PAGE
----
Entire human knowledge - FAQs
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Pictures: Thicket by Ursula Freer. World in a Cell by Ursula Freer.
Q: How much human knowledge is there?
A: A lot. More than enough for one human brain. Human knowledge is far more plentiful than most anoraks at the garden centre imagine.
Q: Is it OK to go to the garden centre but not wear an anorak?
A: Yes. You can go to the garden centre wearing an ill-fitting Christmas jumper your mother knitted for you five years ago, or a dinner jacket. But perhaps don't wear the jumper under the dinner jacket.
Q: Of course not. But if one wore the jumper over the dinner jacket, it would reduce the appeal of the dinner jacket, wouldn't it?
A: Yes. It would reduce the immediate visual appeal of the dinner jacket. But the theoretical appeal of the dinner jacket as a sartorial stratagem would remain undiminished. In a garden centre, no one would expect a man wearing a dinner jacket to be a professional shoplifter.
Q: I am interested in Entire Human Knowledge.
A: What is your question?
Q: Why am I am interested in Entire Human Knowledge?
A: Because you are deeply ignorant; transcendentally ignorant; so ignorant that almost every fragment of knowable human knowledge is unknown to you.
Q: So some human knowledge is unknowable then? I didn't know that.
A: Yes it is, and no you didn't.
Q: Which human knowledge is unknowable?
A: No one knows.
Q: I find that I have an unquenchable hunger and thirst for Entire Human Knowledge. What can I do?
A: Read Plato's Republic in the original Greek.
Q: I've tried that. It didn't help. Why didn't reading Plato in the original Greek work for me?
A: Are you fluent in Ancient Greek?
Q: No. I don't know any Ancient Greek at all. And I am not fluent in modern Greek, either.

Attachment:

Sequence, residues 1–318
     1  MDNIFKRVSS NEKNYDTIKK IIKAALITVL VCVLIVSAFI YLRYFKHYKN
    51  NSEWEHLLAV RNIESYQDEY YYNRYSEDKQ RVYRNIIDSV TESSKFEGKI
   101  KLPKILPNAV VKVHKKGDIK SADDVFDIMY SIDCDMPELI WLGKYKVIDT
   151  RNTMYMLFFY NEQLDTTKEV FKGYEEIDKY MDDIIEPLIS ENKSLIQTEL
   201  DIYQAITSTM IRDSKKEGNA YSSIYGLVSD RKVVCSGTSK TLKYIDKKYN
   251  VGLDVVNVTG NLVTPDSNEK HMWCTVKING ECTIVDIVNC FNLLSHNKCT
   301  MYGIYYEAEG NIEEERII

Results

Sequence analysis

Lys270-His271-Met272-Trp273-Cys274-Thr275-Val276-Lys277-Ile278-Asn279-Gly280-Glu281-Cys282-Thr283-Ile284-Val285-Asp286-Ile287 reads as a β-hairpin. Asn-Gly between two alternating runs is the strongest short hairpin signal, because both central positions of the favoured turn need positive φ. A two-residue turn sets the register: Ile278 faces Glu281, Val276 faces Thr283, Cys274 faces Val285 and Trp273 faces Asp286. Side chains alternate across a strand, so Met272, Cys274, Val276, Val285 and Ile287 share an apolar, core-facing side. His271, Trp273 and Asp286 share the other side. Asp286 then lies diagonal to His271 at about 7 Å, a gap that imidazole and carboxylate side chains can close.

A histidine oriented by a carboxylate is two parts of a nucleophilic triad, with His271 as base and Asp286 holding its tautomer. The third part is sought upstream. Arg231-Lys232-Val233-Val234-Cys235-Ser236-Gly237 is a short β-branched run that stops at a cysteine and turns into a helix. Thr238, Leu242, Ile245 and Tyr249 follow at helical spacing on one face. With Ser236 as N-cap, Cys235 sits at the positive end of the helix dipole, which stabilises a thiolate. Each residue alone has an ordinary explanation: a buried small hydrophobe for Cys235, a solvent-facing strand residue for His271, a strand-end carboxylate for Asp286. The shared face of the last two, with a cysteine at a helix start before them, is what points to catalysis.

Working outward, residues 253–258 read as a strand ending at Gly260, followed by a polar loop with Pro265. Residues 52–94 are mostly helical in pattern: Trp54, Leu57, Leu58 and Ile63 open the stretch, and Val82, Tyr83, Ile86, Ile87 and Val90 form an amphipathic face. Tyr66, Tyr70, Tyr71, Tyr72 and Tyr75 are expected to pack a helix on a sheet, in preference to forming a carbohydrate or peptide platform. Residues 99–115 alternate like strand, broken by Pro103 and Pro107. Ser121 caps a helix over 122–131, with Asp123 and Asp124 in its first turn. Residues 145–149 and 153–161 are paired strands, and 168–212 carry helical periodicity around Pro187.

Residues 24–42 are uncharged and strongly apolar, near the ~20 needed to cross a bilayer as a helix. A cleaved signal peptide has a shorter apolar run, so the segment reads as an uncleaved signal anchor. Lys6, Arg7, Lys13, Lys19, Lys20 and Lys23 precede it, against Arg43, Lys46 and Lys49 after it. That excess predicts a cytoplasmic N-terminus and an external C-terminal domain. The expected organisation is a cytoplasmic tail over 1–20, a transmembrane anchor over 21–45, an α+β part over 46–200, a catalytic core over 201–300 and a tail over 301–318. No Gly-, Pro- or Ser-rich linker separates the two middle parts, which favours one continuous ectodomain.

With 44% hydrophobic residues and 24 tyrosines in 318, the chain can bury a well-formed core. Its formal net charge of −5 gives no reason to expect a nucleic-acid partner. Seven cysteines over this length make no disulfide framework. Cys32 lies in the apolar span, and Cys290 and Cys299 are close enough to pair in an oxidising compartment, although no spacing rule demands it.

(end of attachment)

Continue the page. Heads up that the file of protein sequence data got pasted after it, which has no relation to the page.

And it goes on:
A: If you don't have Greek, there is little to be gained from reading Plato in the original Greek. You won't understand it.
Q: What, then, can I do to address my unquenchable hunger and thirst for Entire Human Knowledge?
A: Read George Eliot's Middlemarch in the original English.
Q: Is George Eliot's Middlemarch equivalent in importance to Plato's Republic, as far as Entire Human Knowledge is concerned?
A: Yes. There are minor differences of context, style and authorial intent, but they have approximately the same canonical status within Entire Human Knowledge.
Q: What is that canonical status?
Q: What does that mean?
A: It means that within the canon of truly significant writing thus far produced by human civilisation on this planet, only six works, or clusters of works, are more important than Plato's Republic or George Eliot's Middlemarch.
Q: Does that suggest that there are flaws in the writing of Plato and George Eliot?
A: Serious flaws, yes.
Q: What are those flaws?
A: First, Plato makes no attempt to explain why Casaubon died only eighteen months after marrying Dorothea Brooke. Second, Eliot completely fails to notice Will Ladislaw's obsession with Socratic Dialogue.
Q: What are the reasons for those literary deficiencies?
A: There are two reasons. First, it is plain that Plato never bothered to engage in a close reading of George Eliot. Second, George Eliot was obviously so blinded by the intellectual gymnastics of Mr Bambridge that the steady cerebral rigour of Will Ladislaw escaped her attention.
Q: Do these howling deficiencies undermine the integrity of Entire Human Knowledge?
A: Only if they are allowed to do so by the gatekeepers of 21st Century cultural taste. It may not be too late.
Q: What can be done to prevent further decline?
A: More attention might be paid to items 1 to 6 in the canonical hierarchy of significant texts.
Q: What are those texts?
A: No one knows. They were all burned in the first fire at the Alexandrian Library in 391CE.
Q: That would appear to present an unsurmountable obstacle to my quest for Entire Human Knowledge.
A: Not necessarily.
Q: You mean there's hope for me?
A: Yes. You might consider developing personal omniscience.
Q: That's a good idea. If I was omniscient, I would know what was burned at the Alexandrian Library, before it actually was burned, and I could retrieve the unburned texts by an act of concentrated thought.
A: You could indeed.
Q: Why has no one done this before?
A: People have. Nazis, mostly.
Q: How do you mean?
A: Before the Nazis burn down a document store such as the Reichstag, they extract the documents first. Thus they retain a record of the textual content of the incinerated documents.
Q: That's useful.
A: Yes. And then, after the Second World War, they can take the documents to America and start work all over again.
The pictures at the top of this page are: "Thicket" by Ursula Freer, and (the clickthrough) "World in a Cell" by Ursula Freer. More examples of artwork by Ursula Freer, and by other artists and illustrators, are linked from this page here.
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